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Originally dating from 1190AD, the Parish Church of All Saints is a Grade I listed building. The grave yard attached to the church was used up to 1883, after which a closure order was made. Read More »
A Glossary of Words used in Holderness (1877) gives the following description for the word Simmon and mentions an associated ghost. ‘Simmon, pounded brick or tiles, used by brick-layers for colouring the mortar. Beating simmon was formerly the hard labour punishment in Beverley Borough Gaol. Read More »
The Neolithic round barrow at Wold Newton stands nearly three meters and has a diameter of around 40 meters. It stands beside an intermittently flowing stream known as the Gypsey Race. It was excavated in 1894 by JR Mortimer.
It has been suggested that burying someone face down is a sign of disrespect for the deceased and a way to possibly humiliate them. One such burial may have taken place in Bugthorpe (or Buckthorpe) Churchyard according to Rev. J. W. Appleford in his 1880 book 'A Brief Account of the Parish and Church of St. Read More »
The following story of Cobbler’s Well was printed in ‘County Folk-Lore Volume VI - Examples of Printed Folk-Lore Concerning The East Riding of Yorkshire (1911)’ which was edited by Eliza Glutch. ‘In a hollow on Beverley Westwood is a stone trough, into which a spring of exceedingly cold pure water once flowed abundantly. Read More »
The drumming well located near to the church is reputed to foretell death in the family of St Quentin. The folklore relates to a story about a fourteenth century drummer called Tom Hewson, who was accidentally knocked down the well by a St Quentin squire. His mother put a curse on the family predicting that the sound of drumming from the well would predict death in the family. Read More »
Easington Hall was the seat of the Overton family and although I don’t know exactly where it was in Easington, I have come across a reference to it being on the principle street in the village. Read More »
The following New Year traditions from East Yorkshire were published in 'County Folk-Lore Volume VI - Examples of Printed Folk-Lore Concerning The East Riding of Yorkshire (1911)’ which was edited by Eliza Glutch.
All peacock feathers must be thrown out before New Year's Day, or else you will have ill luck.
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The following extract is taken from ‘History of Fimber. A treatise on Agricultural Improvements, Memories of Remarkable Events and Village Tales' by T. Edmondson (1857), in which he describes local folklore concerning the haunting of the crossroads at Fimber. Read More »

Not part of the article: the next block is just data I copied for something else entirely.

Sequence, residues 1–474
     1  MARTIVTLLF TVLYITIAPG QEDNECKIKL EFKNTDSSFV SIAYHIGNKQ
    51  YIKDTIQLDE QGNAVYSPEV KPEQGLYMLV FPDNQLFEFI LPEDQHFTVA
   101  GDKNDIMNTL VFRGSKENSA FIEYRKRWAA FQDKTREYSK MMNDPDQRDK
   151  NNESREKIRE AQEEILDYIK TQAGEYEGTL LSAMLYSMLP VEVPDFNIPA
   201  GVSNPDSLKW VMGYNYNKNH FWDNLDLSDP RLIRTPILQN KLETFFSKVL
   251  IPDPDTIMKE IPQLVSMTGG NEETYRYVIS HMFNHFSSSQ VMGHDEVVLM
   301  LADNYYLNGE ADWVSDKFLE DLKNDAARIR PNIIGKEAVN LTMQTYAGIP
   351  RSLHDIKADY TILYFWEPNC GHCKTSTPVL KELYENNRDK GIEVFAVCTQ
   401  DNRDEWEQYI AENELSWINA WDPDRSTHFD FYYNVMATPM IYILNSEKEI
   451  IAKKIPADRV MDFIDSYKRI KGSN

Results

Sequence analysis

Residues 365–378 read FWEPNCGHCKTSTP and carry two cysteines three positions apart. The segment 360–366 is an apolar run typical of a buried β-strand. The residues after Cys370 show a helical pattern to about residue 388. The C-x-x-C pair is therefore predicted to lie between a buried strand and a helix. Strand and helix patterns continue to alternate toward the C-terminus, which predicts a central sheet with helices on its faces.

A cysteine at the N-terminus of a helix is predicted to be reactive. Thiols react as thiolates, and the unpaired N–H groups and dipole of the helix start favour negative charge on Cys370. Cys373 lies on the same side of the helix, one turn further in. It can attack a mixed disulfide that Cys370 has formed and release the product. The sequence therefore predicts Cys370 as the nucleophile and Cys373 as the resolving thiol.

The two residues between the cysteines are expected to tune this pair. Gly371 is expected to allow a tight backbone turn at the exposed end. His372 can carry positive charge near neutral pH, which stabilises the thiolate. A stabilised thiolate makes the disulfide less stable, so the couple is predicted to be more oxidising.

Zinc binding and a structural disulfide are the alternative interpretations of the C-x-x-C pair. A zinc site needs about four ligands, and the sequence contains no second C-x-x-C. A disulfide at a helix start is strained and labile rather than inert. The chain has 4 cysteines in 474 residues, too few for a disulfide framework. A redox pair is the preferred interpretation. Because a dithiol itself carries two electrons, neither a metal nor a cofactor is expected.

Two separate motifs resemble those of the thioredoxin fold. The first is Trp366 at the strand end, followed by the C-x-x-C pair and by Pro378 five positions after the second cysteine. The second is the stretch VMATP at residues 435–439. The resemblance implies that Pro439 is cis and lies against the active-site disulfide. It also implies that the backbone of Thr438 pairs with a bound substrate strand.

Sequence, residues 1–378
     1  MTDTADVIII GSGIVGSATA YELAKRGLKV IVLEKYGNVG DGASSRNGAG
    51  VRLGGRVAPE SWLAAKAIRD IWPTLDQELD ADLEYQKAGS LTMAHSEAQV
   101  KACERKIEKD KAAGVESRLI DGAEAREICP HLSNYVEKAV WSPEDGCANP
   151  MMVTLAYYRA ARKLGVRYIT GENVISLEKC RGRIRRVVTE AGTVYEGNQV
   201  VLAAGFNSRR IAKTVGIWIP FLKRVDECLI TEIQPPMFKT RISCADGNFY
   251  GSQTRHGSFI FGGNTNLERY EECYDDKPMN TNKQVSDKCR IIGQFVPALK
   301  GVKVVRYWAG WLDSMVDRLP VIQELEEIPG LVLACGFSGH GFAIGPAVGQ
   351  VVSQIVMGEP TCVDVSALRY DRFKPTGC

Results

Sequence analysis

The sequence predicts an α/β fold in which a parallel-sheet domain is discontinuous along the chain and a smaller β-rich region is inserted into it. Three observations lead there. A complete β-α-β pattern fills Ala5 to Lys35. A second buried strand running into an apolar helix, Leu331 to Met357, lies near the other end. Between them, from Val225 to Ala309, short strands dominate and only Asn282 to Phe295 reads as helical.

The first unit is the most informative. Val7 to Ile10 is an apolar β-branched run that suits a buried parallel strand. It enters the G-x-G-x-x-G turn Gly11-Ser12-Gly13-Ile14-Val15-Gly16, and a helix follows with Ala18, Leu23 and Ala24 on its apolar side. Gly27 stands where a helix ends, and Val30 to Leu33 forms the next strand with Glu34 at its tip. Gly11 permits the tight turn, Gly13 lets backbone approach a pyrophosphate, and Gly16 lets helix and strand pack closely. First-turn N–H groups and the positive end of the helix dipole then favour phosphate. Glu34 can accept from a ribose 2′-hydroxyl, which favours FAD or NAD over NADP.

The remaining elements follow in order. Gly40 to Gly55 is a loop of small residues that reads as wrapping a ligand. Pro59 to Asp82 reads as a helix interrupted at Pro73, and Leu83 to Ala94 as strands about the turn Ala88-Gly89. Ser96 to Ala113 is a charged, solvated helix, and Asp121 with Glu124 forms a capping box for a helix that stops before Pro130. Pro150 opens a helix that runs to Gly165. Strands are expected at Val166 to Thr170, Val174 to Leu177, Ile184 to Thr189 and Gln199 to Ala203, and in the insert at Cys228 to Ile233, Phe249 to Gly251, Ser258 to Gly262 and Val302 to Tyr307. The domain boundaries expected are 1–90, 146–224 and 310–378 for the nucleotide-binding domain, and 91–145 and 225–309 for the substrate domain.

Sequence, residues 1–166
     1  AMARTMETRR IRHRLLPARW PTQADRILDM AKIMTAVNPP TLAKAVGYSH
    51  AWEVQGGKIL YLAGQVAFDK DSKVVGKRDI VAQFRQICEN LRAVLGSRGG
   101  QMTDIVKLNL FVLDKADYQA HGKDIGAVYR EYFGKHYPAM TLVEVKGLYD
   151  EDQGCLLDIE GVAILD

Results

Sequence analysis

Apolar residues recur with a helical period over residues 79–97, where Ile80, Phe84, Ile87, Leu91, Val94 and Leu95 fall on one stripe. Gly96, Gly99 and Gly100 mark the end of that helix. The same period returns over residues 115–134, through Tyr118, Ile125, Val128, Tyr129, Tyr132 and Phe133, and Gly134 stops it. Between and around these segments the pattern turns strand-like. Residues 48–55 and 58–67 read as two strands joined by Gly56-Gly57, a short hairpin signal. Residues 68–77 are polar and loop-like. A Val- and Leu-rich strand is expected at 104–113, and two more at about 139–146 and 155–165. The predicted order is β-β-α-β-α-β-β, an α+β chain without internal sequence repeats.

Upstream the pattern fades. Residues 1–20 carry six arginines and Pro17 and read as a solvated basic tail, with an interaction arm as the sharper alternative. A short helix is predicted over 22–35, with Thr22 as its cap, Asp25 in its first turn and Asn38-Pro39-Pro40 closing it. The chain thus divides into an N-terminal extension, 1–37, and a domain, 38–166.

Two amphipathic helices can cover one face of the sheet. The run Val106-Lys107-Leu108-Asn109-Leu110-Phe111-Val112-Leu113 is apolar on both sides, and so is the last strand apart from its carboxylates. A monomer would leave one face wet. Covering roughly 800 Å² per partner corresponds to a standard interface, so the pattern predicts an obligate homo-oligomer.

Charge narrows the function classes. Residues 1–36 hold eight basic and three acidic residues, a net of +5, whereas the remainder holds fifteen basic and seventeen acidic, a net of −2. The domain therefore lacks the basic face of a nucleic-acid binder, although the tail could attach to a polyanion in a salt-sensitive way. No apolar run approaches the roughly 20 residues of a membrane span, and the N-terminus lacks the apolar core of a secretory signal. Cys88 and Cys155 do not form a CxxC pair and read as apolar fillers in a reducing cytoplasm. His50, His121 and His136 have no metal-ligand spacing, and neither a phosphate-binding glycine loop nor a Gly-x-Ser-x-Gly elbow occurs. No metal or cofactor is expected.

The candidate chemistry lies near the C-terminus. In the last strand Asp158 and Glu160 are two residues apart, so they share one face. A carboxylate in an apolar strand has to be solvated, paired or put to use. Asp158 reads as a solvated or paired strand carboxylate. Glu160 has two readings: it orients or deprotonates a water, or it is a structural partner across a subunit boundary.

Between Atwick and Bewholme, at the foot of the hill on which Atwick church stands, there is a spring and pool of water overhung by willows haunted by the Halliwell Boggle. A boggle is an imaginary hobgoblin, without any special form, causing fear and terror. — [Folk-Lore of East Yorkshire' by John Nicholson (1890)]
The bustling city of Hull has a long and distinguished history, but the area also harbours some disturbing secrets. Discover the darker side of Hull with this terrifying collection of spine-chilling tales from around the city. Read More »
Between Atwick and Skipsea there races along-occasionally the headless man mounted on a swift horse. - [Folk-Lore of East Yorkshire' by John Nicholson (1890)]
Between Frodingham and Foston a headless man haunts the road, but he has only been seen once. — [Folk-Lore of East Yorkshire' by John Nicholson (1890)]
According to 'County Folk-Lore Volume VI - Examples of Printed Folk-Lore Concerning The East Riding of Yorkshire (1911)’ edited by Eliza Glutch. 'On Christmas morning in Hull the children come in droves, pealing at your door-bell in order to wish you "a merry Christmas." The following is a favourite doggerel: Read More »
Add to that the eerie atmosphere of dense woodland at night and it is enough to make the hairs on your neck stand on end.
But, that is what greeted two men who were out on a shooting trip in an East Yorkshire wood. Read More »
The Priory Church of St Mary is a Grade I listed building and stands on the site of an Augustine Priory founded in 1113 and dissolved during the Dissolution of the Monasteries in 1538. There is a story associated with the Priory Church and the name for Bridlington folk, Bolliton (or Bollington, Burlington) Jackdaws” Read More »
Standing in the Norman churchyard of All Saints Church, the Rudston Monolith is the highest standing stone in Great Britain at 7.6m (25ft) with a 5m circumference and an estimated weight of 40 Tonnes.
An experiment run by William Strickland in the 18th century suggests the stone may extend underground to a similar depth as it high above ground. Read More »
Skipsea Castle dates from around 1086 and was one of the early Norman period Motte and Bailey Castles. The remains of the castle which was destroyed in 1221 when William de Froz II rebelled against King Henry III (born 1 October 1207 – died 16 November 1272) are traditionally thought to be haunted by a white lady, the wife of Drogo de la Bouerer, who founded the castle. Read More »
Dating from around 1272, St Catherine's Parish Church was largely rebuilt in 1850 replacing much of the original Norman building. In the churchyard, just south of the main door is a stone which has been speculated may have been a place of pagan worship. Read More »
The well of St John of Beverley can be found beside the road on the east side of Harpham. St John (died 7 May 721) was born in Beverley and on his feast day (7th May) it is decorated and a procession of the choir and congregation of Beverley Minster make their way to it from the church in Harpham. Read More »
In her ‘County Folk-Lore Volume VI - Examples of Printed Folk-Lore Concerning The East Riding of Yorkshire (1911)’, Eliza Glutch refers to the following two references for the healing wells of Barmby-on-the-Marsh. Read More »